This post is by Anton Buchner, a senior consultant with TrinityP3. Anton is a lateral and innovative thinker with a passion for refocusing business teams and strategies; creating visionary, data driven communication plans; and making sense of a more complex digital marketing environment.
They’re a beautiful thing aren’t they. The dashboards created for your marketing activity or business as a whole?
“Which dashboards am I talking about?” you may be thinking.
The media ones?
Sales pipeline & conversion?
And the list goes on.
Marketing dashboard madness
Well there’s the insight.
Most marketers have too many dashboards, and not enough distilling of data into a few key metrics that will offer potential insight by identifying shifts.
I have worked with a variety of companies over the past 12 months to help them refine their dashboards, so I thought I’d share 7 best practice approaches with you in this post.
Best practice #1 – dashboards aren’t about BI tools and technology
Too many marketers get excited about presentations from IT teams or 3rd party vendors.
Whether it be Oracle, Datorama, Jaspersoft, Tableau, SAP or Microsoft, everyone has a BI tool and dashboard to peddle. And they’ll happily take your $50,000 – $100,000 budget to build them.
Best practice is to first steer away from the tool and be clear about best practice #2 below.
Best practice #2 – dashboards need a strategy
Decide on the purpose of your dashboard. What are you actually wanting to report on? Once you’re clear on what you want to report on, be clear on who it is for.
If it is for senior management then maybe it needs a higher level of visualisation and the top 3 findings and recommended actions.
If it is for day-to-day management, then a deeper level of analysis may be warranted.
Best practice #3 – dashboards must highlight opportunity
Don’t simply display a mass of numbers, charts, graphs and text. Make sure you are unearthing findings and corresponding actions.
We’ve all sat through 100 page research reports with endless charts only to find that there were only 5 real actions.
So when it comes to a dashboard strategy, make sure that you incorporate an area to explain the impacts and opportunities.
Best practice #4 – dashboards aren’t reports
And to be clear, dashboards aren’t reports. A dashboard is not a place to dump a mass of data.
Dashboards should aggregate the mass of data into meaningful metrics that you can view.
So again, be clear as to the measures that matter, and ensure that they are showing shifts rather than the pure statistics.
Remember, statistics are meaningless unless viewed as a trend.
Best practice #5 – dashboards should be segmented
I’ve had some great discussions about metrics. Yet this one about Net Promoter Score (NPS) almost tops the lot.
One client was adamant that NPS was THE METRIC to look at.
However they changed their view after I explained the following.
Their NPS is really just a measure in time, and is derived from all customers that responded to the question. However by looking at the customer tenure of the responders it was evident that a percentage of them were relatively new customers, a percentage had been on the database for a fair amount of time, and a remaining percentage had been on the customer database for a long period of time.
And hence their scores were dramatically different. On aggregate, they summed to an overall NPS that wasn’t very insightful. However by analysing the scores by customer tenure the insights were clear.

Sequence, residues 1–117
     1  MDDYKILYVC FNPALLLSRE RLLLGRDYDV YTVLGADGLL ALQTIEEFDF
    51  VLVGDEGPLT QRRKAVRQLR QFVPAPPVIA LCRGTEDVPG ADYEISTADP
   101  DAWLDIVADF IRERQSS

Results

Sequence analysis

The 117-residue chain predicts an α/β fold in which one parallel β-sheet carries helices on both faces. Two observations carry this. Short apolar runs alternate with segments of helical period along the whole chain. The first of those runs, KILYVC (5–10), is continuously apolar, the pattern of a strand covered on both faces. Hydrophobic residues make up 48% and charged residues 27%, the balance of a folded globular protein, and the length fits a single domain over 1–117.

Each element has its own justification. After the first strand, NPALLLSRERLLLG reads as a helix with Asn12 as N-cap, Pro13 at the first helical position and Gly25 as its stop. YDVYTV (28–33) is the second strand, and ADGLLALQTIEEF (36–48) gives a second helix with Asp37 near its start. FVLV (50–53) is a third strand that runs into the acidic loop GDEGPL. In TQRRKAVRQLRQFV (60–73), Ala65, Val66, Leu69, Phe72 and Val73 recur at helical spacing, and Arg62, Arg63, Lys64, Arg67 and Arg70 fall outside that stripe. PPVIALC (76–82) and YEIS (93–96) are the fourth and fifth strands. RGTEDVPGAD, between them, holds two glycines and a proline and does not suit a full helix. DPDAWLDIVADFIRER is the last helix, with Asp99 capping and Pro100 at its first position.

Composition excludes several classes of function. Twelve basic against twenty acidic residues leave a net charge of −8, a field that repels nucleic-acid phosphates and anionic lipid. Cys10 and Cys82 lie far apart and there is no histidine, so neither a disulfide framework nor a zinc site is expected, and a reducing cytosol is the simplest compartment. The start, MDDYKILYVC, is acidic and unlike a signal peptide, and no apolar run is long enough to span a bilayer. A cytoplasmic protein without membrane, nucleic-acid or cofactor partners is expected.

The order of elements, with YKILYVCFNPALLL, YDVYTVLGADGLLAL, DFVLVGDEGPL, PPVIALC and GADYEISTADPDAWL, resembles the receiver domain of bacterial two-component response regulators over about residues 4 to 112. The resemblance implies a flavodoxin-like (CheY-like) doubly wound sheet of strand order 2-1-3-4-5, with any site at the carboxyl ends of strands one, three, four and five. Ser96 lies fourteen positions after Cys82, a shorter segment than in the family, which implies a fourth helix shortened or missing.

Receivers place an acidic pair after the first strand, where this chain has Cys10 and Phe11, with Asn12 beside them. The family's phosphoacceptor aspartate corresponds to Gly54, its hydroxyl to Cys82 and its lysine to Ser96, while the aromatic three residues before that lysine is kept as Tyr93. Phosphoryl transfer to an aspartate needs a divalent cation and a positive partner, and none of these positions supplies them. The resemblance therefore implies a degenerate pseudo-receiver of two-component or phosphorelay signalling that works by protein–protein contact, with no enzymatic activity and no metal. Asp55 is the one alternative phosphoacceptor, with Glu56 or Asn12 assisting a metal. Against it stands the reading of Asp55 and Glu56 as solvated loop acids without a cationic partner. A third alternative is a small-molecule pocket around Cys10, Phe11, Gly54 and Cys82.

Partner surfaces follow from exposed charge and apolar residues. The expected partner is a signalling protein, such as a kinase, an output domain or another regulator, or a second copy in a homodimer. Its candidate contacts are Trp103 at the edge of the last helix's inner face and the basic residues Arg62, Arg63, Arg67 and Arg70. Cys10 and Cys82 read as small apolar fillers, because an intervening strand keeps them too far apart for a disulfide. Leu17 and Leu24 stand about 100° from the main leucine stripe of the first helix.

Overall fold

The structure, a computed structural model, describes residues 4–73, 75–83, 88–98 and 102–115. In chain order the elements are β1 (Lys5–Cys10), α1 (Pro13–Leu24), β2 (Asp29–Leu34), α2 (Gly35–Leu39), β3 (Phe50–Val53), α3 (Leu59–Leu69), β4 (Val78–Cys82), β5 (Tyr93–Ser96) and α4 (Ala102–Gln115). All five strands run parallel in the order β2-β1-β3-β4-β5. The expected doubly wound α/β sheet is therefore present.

So make sure you build dashboards that report on some level of segmentation. Whether it be your customer segmentation, media journey, attribution, customer lifecycle, or value tiers. The insights may be very different when you drill one or two levels down from an overall number.
Best practice #6 – dashboards should inspire action
Be careful when people are proposing dashboards. Often the designs look great and a little fancy, but end up being rather superficial.
Step back and ask yourself what’s the most obvious way of absorbing this measure and trend? This will help you direct your data scientists, BI/IT managers or partners to the best way to report on it.
Maybe a bar or pie chart will do rather than a fancy visualisation.
But if you’re looking for a nice visualisation, here’s one that I stumbled upon for the Football (Soccer) World Cups.
Best practice #7 – SISO
Yes, the Shit In Shit Out (SISO) Rule applies to dashboards in an era of big data.
Most businesses are simply drowning in data. So a dashboard is really only as good as the quality of data being analysed and therefore presented in the dashboard.
One marketer asked me whether they should sign off on the creation of a series of dashboards before fixing the quality of their data.
I recommended to re-prioritise the data sources, understand the level of data quality, and build momentum by starting with initial activity and wins to report on.
Remember, the worst thing you can do is report to senior management with incorrect numbers!
The culture of numbers
So there you have it, 7 best practice areas to focus on when considering marketing dashboards.
However before you charge off, remember it’s also important to create a culture around measurement.
It’s not about measuring everything. Often it’s about uniting around a common goal. The simpler the better.
Here’s a great example that I came across this year of SumoMe’s one metric dashboard that helped them reach over 1 billion unique users. It’s the same as what Mark Zuckerberg did when building a culture within Facebook. They all watched one number!
Are you struggling with the complexity that digital and data offer to business? Let TrinityP3 make sense of the new digital ecosystem for you. Details here